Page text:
2. 2.0 2.1 Lyneham, Mathew; Chan, Andy (25 May 2013). "Deaths in custody in Australia to 30 June 2011: twenty years of monitoring by the National Deaths in Custody Program since the Royal Commission into Aboriginal Deaths in Custody (Abstract)". Aic Reports. Monitoring Reports. Monitoring Reports. ISSN 1836-2095. Retrieved 10 October 2019. ...over the 20 years since the Royal Commission, the proportion of prisoners that are Indigenous has almost doubled from 14% in 1991 to 26% in 2011
  3. 3.0 3.1 Cunneen, Chris (March 2006). "Racism, Discrimination and the Over-Representation of Indigenous People in the Criminal Justice System: Some Conceptual and Explanatory Issues" (PDF). Current Issues in Criminal Justice. Retrieved 10 October 2019.
  4. 4.0 4.1 Government of Australia. House of Representatives. Standing Committee on Aboriginal and Torres Strait Islander Affairs (2011). The Parliament of the Commonwealth of Australia Doing Time - Time for Doing Indigenous youth in the criminal justice system (PDF). Commonwealth of Australia. ISBN 978-0-642-79266-2. Retrieved 10 October 2019. Also by chapter in html, see Chapter 2
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  6. Wild and Anderson, p.223
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  40. Indigenous Australians and the Law, p. 9.
  41. National Report Volume 1 – 1.3 The disproportion numbers of Aboriginal people in custody, Royal Commission into Aboriginal Deaths in Custody, 1991, accessed 12 November 2010. Archived 2010-11-13 at WebCite by WebCite on 12 November 2010.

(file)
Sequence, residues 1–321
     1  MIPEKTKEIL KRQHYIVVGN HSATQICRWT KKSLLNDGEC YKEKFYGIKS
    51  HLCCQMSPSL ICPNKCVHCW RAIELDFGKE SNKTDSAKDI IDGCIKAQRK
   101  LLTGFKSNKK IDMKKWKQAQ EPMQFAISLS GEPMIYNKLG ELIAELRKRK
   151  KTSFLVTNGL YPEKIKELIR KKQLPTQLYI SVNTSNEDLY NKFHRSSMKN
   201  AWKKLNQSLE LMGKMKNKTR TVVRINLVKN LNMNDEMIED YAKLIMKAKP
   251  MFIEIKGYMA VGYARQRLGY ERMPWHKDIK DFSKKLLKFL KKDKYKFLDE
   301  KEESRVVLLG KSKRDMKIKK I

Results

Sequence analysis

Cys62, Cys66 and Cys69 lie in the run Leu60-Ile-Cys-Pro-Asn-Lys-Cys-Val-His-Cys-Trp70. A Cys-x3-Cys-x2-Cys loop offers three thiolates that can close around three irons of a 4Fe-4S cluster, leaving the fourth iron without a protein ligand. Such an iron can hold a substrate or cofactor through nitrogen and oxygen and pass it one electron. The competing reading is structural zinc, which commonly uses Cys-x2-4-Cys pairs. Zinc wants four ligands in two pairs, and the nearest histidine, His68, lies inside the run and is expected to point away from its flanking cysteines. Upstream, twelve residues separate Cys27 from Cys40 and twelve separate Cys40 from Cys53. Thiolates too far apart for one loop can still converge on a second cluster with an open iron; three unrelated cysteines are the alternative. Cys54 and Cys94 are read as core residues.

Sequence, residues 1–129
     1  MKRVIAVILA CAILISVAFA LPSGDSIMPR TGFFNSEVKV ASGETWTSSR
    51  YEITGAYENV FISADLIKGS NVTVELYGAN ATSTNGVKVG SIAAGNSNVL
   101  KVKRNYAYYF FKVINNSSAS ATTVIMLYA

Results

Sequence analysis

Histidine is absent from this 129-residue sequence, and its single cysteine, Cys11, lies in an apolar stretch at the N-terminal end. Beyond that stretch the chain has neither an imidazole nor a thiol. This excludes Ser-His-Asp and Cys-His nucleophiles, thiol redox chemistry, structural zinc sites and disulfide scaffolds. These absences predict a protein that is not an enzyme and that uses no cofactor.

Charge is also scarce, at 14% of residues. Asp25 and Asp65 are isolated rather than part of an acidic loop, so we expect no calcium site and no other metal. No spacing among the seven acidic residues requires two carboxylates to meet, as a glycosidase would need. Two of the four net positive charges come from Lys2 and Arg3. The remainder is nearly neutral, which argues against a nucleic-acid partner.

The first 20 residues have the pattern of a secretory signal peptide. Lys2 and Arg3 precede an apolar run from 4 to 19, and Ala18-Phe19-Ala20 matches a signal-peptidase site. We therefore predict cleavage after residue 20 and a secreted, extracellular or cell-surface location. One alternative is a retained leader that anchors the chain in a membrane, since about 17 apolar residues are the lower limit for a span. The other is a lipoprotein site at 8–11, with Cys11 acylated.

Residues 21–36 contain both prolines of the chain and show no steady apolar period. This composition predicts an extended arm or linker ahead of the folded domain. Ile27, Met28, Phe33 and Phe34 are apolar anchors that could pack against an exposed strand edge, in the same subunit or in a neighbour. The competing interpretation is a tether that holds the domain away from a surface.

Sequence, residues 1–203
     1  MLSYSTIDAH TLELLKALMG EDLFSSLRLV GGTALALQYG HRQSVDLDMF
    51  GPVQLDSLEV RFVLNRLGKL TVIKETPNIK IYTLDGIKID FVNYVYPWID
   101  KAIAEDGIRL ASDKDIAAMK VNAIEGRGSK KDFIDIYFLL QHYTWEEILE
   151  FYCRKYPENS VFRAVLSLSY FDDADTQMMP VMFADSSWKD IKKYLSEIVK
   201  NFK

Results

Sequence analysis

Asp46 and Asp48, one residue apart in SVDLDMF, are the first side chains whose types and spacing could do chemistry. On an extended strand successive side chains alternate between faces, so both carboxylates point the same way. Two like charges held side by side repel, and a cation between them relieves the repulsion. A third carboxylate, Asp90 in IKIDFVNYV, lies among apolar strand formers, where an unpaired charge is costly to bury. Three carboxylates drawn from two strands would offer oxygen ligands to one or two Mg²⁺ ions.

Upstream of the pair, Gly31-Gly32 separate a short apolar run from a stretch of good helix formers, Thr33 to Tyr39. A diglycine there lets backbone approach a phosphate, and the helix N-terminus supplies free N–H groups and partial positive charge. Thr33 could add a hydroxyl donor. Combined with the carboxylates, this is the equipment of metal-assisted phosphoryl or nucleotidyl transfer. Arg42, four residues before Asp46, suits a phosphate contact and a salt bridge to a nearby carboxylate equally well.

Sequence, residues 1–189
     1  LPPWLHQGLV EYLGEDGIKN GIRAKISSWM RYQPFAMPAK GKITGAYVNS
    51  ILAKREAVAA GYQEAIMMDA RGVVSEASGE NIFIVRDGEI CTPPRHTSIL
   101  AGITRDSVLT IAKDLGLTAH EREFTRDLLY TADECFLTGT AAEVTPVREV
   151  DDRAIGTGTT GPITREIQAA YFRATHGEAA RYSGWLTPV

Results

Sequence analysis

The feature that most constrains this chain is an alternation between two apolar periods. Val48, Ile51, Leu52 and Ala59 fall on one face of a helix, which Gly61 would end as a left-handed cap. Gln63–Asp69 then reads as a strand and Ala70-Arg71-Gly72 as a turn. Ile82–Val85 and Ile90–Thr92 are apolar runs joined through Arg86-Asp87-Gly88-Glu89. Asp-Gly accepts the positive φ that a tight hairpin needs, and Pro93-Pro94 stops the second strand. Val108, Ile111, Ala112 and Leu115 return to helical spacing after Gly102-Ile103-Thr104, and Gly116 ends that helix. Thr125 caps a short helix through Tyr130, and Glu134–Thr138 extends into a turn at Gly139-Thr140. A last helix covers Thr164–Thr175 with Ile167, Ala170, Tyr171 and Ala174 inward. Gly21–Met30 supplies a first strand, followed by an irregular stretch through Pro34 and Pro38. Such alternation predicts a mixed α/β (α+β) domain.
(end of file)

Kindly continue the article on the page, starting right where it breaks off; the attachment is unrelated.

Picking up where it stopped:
42. "Police accused of Aborigine death", BBC News, 27 September 2006, accessed 12 November 2010.
  43. Marriner, Cosima. "Calm in Palm Island after verdict", The Sydney Morning Herald, 20 June 2007, accessed 13 November 2010. by WebCite on 13 November 2010. Archived by WebCite on 14 November 2010.
  44. Perera, Suvendrini (19 March 2010). "Racism and cover-up pervade response to deaths in custody". Sydney Morning Herald. Retrieved 30 September 2013.
  45. Jambor, Claudia (10 February 2019). "Does circle sentencing reduce recidivism and keep Indigenous offenders out of jail? A study will find out". ABC News. ABC Western Plains. Australian Broadcasting Corporation. Retrieved 11 October 2019.
  46. Weatherburn, D., Snowball, L & Hunter, B (2006). The economic and social factors underpinning Indigenous contact with the justice system: Results from the 2002 NATSISS survey. NSW Bureau of Crime Statistics and Research.CS1 maint: Multiple names: authors list (link)
  47. Pearson, Noel (2013). "Noel Pearson: Failure to act also criminal". The Australian. Retrieved 30 September 2013. Unknown parameter |url-status= ignored (help)